In her new book Love 2.0: How Our Supreme Emotion Affects Everything We Feel, Think, Do, and Become, the psychologist Barbara Fredrickson offers a radically new conception of love.
Fredrickson, a leading researcher of positive emotions at the University of North Carolina at Chapel Hill, presents scientific evidence to argue that love is not what we think it is. It is not a long-lasting, continually present emotion that sustains a marriage; it is not the yearning and passion that characterizes young love; and it is not the blood-tie of kinship.
Rather, it is what she calls a “micro-moment of positivity resonance.” She means that love is a connection, characterized by a flood of positive emotions, which you share with another person—any other person—whom you happen to connect with in the course of your day. You can experience these micro-moments with your romantic partner, child, or close friend. But you can also fall in love, however momentarily, with less likely candidates, like a stranger on the street, a colleague at work, or an attendant at a grocery store. Louis Armstrong put it best in “It’s a Wonderful World” when he sang, “I see friends shaking hands, sayin ‘how do you do?’ / They’re really sayin’, ‘I love you.’”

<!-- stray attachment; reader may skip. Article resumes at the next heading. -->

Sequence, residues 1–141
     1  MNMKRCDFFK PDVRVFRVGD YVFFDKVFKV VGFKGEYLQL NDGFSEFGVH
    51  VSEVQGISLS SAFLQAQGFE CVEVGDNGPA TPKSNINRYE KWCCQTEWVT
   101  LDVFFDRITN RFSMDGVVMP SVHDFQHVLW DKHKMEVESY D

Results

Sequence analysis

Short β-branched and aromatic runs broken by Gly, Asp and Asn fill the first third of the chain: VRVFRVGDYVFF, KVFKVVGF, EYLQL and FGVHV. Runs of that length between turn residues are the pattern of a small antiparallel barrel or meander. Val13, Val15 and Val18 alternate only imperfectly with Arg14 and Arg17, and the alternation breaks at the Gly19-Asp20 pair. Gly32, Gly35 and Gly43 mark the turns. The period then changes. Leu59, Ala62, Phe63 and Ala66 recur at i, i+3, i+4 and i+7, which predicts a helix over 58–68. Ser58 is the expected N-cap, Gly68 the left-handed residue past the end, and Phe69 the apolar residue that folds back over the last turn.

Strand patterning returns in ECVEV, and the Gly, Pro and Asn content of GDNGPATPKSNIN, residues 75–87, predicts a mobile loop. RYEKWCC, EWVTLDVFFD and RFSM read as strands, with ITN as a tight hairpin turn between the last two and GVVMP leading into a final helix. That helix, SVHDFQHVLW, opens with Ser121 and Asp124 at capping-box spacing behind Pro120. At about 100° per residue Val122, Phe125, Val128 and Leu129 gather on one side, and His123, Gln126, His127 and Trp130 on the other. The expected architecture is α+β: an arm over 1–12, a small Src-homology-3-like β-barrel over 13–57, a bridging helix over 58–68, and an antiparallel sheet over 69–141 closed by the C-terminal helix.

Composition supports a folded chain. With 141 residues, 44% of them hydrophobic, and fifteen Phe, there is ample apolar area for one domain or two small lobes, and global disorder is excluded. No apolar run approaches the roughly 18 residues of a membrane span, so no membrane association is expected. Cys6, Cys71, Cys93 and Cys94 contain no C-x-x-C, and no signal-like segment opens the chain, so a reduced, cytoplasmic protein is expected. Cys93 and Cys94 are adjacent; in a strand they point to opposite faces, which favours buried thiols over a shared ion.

I was really intrigued by the study’s findings but quibble with the attempt to limit the definition of “love” to only signify a temporary emotional state. I’m not sure whether the idea that science can redefine love comes from the reviewer or the book’s author. Either way, I’m not sure the fault ultimately lies with either author. Neither can be held accountable for the poverty of the English language. Really our language is inadequate when “Love” can mean another name for the all-powerful God who created the universe out of nothing, a lifelong commitment between two people, the bond between a mother and child, or a fleeting emotional state that isn’t there unless the other person is physically present. When we say that “love is a choice, not an emotion” we are obviously not talking about the same phenomenon as Fredrickson, no matter how much she might insist that her study tells us the true nature of love. Whatever it tells us cannot be what I mean when I say that God Himself is the true nature of love.